Place the meat in a large roasting pan, pour on the vinegar and sprinkle the salt, and rub it all over the meat. Let it sit as you prepare the marinade.
Heat a comal or small skillet over medium-low heat. Toast the dried chiles for a minute per side, or until lightly toasted. Place in a saucepan along with the garlic and cover with 4 cups of water. Bring to a boil over medium-high heat, then lower heat to medium and simmer for 10 minutes until the chiles have softened and plumped up.
Using a slotted spoon, transfer the chiles and garlic to the jar of a blender, along with the 4 cups of cooking liquid and the oregano, cumin, nutmeg, black pepper, and cloves and puree until smooth. Cool to room temperature.
Cover the meat with the adobo, making sure it is all well rubbed. Cover and let sit in the refrigerator, ideally, anywhere from 24 to 48 hours (or at least 2 hours).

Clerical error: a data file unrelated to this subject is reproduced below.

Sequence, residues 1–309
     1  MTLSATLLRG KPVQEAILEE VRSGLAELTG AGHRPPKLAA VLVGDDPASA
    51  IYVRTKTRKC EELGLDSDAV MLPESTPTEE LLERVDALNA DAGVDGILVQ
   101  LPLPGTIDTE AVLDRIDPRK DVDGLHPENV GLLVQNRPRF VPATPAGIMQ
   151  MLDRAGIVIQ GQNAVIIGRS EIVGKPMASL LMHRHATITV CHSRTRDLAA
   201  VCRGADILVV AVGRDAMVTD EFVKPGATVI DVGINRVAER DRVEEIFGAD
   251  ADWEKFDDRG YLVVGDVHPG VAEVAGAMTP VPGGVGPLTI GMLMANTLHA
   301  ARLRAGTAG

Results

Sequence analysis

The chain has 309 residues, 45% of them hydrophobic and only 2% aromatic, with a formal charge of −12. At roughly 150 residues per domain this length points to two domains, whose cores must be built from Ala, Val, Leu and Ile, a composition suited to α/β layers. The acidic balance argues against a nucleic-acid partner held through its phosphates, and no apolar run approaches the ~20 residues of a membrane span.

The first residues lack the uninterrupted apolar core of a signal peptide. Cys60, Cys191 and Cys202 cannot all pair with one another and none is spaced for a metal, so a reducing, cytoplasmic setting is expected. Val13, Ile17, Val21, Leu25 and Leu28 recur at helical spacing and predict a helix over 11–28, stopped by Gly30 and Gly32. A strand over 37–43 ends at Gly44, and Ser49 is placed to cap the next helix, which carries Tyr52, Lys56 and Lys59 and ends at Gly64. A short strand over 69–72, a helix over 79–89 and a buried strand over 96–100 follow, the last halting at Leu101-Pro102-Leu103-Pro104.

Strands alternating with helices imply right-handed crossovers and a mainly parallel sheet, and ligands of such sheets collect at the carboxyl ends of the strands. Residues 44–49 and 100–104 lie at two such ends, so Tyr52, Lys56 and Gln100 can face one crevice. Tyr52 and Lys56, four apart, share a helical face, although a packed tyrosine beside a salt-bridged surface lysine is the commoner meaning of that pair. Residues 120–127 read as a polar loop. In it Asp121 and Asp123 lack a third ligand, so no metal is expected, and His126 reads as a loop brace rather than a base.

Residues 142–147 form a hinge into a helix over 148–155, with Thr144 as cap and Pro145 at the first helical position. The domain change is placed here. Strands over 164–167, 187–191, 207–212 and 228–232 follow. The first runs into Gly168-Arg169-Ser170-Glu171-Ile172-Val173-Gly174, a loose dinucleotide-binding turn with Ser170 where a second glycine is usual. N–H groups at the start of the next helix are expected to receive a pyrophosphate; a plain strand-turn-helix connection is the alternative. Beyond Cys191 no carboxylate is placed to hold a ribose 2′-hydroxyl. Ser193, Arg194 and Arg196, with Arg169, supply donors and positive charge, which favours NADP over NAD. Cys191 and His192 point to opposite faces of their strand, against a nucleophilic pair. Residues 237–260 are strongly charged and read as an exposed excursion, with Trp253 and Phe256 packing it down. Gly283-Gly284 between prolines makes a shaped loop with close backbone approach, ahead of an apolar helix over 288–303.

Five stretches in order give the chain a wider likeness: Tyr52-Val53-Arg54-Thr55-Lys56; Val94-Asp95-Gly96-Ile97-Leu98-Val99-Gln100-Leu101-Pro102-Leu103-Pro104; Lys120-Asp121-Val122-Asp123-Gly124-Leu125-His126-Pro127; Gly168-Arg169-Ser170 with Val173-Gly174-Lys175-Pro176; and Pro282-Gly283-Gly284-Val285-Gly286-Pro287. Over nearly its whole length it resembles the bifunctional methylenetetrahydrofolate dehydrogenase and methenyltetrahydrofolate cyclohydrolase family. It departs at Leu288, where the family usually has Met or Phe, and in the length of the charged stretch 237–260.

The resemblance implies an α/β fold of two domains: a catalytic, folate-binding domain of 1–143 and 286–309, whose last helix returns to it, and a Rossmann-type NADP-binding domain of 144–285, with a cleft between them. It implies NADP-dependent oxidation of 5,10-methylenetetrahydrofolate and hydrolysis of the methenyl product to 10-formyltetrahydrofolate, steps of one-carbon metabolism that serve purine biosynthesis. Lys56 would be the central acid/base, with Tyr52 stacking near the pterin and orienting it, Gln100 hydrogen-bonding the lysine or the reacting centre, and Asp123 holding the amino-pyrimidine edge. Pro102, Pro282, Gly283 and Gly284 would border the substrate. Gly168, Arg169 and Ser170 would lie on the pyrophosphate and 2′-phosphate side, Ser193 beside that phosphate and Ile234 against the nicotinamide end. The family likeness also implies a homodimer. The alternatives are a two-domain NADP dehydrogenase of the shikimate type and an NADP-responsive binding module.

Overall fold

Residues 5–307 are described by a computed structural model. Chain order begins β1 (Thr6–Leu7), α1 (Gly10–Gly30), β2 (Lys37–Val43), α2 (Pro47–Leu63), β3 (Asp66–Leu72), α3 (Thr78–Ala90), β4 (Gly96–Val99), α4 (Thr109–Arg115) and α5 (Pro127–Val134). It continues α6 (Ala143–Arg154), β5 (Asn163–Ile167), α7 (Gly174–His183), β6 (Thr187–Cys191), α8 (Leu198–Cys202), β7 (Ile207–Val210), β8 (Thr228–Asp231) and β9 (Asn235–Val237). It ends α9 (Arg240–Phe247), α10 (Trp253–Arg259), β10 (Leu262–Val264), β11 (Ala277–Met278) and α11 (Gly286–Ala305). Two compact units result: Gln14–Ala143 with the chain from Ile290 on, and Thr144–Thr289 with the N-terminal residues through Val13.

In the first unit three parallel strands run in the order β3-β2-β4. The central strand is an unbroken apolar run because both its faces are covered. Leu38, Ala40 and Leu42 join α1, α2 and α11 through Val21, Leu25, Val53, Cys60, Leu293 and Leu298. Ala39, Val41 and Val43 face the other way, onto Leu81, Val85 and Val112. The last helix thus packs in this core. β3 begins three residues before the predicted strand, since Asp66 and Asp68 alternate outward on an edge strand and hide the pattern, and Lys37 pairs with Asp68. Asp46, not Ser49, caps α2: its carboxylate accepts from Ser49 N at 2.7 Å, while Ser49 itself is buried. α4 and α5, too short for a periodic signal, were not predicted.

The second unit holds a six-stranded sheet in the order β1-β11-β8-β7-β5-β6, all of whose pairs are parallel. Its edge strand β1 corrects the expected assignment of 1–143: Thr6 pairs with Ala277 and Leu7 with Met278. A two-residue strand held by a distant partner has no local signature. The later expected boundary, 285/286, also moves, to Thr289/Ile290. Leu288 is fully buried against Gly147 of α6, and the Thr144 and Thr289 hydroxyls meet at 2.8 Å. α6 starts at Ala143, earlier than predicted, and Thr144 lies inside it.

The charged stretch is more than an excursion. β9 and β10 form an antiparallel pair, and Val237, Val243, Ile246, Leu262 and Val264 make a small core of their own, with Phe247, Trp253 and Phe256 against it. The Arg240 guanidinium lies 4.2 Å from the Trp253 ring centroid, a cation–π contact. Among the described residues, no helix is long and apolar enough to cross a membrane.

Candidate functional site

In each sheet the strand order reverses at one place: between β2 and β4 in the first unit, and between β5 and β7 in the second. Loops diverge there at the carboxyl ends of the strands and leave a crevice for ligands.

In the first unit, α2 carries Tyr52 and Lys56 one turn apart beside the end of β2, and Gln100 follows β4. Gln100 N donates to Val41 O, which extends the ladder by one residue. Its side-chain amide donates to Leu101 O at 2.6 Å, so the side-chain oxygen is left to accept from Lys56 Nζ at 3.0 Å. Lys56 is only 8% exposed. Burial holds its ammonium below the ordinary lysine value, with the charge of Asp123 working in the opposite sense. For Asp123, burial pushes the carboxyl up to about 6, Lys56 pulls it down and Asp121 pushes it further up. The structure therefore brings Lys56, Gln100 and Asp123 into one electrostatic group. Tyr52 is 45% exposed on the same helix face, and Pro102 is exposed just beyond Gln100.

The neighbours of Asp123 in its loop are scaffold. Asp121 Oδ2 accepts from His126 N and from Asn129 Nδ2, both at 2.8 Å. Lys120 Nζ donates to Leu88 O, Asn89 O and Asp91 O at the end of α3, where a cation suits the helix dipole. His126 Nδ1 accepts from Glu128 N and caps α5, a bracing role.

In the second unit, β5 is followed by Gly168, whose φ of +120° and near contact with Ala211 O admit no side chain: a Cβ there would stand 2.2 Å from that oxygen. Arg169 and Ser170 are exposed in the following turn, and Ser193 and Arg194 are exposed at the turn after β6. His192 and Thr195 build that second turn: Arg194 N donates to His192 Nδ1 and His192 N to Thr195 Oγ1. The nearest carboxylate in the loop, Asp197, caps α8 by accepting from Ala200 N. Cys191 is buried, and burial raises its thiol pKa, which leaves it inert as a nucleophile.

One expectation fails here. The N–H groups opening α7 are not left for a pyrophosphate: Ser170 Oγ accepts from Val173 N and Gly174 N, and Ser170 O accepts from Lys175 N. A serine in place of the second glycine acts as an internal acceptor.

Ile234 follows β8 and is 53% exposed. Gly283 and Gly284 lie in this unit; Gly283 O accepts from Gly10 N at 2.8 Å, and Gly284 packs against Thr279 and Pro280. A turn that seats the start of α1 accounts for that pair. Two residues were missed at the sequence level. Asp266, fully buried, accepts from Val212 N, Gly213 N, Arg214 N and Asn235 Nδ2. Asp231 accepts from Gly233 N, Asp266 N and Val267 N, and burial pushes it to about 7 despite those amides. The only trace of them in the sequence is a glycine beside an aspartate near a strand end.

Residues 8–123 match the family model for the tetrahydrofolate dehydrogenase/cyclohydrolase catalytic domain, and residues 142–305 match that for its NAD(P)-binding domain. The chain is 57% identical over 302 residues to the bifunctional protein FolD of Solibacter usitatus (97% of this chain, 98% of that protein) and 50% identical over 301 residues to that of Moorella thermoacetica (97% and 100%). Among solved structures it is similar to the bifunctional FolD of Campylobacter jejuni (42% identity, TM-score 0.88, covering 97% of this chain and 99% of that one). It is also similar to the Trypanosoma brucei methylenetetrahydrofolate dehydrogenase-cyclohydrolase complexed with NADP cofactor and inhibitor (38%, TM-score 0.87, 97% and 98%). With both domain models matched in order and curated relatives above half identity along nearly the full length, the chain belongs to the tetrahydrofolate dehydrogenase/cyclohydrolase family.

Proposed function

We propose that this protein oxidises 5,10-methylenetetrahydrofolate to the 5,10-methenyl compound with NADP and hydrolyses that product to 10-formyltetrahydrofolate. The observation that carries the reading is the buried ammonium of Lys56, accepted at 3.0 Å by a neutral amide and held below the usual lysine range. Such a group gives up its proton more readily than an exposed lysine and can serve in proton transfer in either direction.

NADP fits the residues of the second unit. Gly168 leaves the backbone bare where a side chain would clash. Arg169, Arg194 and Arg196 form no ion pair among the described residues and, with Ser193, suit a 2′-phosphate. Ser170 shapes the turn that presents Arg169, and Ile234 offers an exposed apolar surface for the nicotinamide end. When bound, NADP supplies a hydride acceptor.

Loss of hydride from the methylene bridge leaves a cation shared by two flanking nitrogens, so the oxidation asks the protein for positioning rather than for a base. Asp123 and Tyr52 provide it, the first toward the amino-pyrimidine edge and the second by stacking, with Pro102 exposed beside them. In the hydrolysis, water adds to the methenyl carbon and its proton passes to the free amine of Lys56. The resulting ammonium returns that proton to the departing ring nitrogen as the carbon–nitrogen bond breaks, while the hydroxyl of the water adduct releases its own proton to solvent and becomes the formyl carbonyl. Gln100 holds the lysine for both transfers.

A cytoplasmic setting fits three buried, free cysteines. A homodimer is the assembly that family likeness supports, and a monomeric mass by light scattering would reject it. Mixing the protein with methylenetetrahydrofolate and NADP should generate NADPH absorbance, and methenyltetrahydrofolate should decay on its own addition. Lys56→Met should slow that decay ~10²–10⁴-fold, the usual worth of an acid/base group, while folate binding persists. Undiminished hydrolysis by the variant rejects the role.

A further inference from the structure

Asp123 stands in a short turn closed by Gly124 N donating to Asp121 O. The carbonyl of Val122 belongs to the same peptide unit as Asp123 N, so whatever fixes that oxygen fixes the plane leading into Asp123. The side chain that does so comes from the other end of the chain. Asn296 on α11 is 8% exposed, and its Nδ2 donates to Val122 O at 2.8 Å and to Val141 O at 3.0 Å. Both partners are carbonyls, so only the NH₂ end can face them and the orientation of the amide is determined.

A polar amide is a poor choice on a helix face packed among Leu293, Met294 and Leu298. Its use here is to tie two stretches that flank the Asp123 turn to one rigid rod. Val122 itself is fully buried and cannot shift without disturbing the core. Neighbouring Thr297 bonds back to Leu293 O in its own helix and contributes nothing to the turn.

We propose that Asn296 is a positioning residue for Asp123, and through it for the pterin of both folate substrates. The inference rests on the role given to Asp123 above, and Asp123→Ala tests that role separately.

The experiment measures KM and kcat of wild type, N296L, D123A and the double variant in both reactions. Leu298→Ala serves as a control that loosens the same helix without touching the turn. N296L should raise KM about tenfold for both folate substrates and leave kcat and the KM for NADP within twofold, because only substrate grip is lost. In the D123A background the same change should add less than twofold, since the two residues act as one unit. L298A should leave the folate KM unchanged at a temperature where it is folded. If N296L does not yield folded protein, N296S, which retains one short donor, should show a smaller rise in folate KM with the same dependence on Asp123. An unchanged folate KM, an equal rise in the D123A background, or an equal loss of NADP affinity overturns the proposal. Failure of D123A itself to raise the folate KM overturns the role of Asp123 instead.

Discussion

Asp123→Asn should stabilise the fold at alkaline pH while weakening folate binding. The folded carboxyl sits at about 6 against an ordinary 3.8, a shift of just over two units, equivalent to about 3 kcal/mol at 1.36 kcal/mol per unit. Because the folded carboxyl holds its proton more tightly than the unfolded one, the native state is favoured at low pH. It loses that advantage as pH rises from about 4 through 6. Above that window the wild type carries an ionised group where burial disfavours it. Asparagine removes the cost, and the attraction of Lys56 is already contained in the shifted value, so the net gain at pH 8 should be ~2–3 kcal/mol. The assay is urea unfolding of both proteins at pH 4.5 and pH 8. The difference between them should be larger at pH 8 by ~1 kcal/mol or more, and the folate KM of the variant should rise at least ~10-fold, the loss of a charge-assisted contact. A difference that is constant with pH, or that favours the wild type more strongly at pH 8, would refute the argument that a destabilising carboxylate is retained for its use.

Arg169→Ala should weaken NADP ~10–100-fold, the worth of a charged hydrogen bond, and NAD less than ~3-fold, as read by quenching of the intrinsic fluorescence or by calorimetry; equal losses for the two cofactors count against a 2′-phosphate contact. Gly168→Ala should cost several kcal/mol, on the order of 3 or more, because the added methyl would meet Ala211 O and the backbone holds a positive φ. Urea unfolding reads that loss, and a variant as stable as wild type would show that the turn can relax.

Remove the meat from the refrigerator. Preheat the oven to 375℉.
Place the meat and all of the marinade in a roasting pan, tightly cover with aluminum foil, and roast in the oven for 2½ to 3 hours. Uncover and continue roasting for another 35 minutes, or until the meat is so tender it is falling off the bones and it is browned on the top. Taste the broth and adjust the salt. You may need to add some water to the pan if it has reduced too much during the cooking.
When it comes to serving, you have many choices: You can transfer the meat to a platter, moisten with the remaining broth, and assemble the meat in tacos or make birria-dillas (or quesa-birrias). You can garnish the tacos or quesadillas with the onion, cilantro, lime and salsita of your choice, such as the tapatía.
Credit Pati Jinich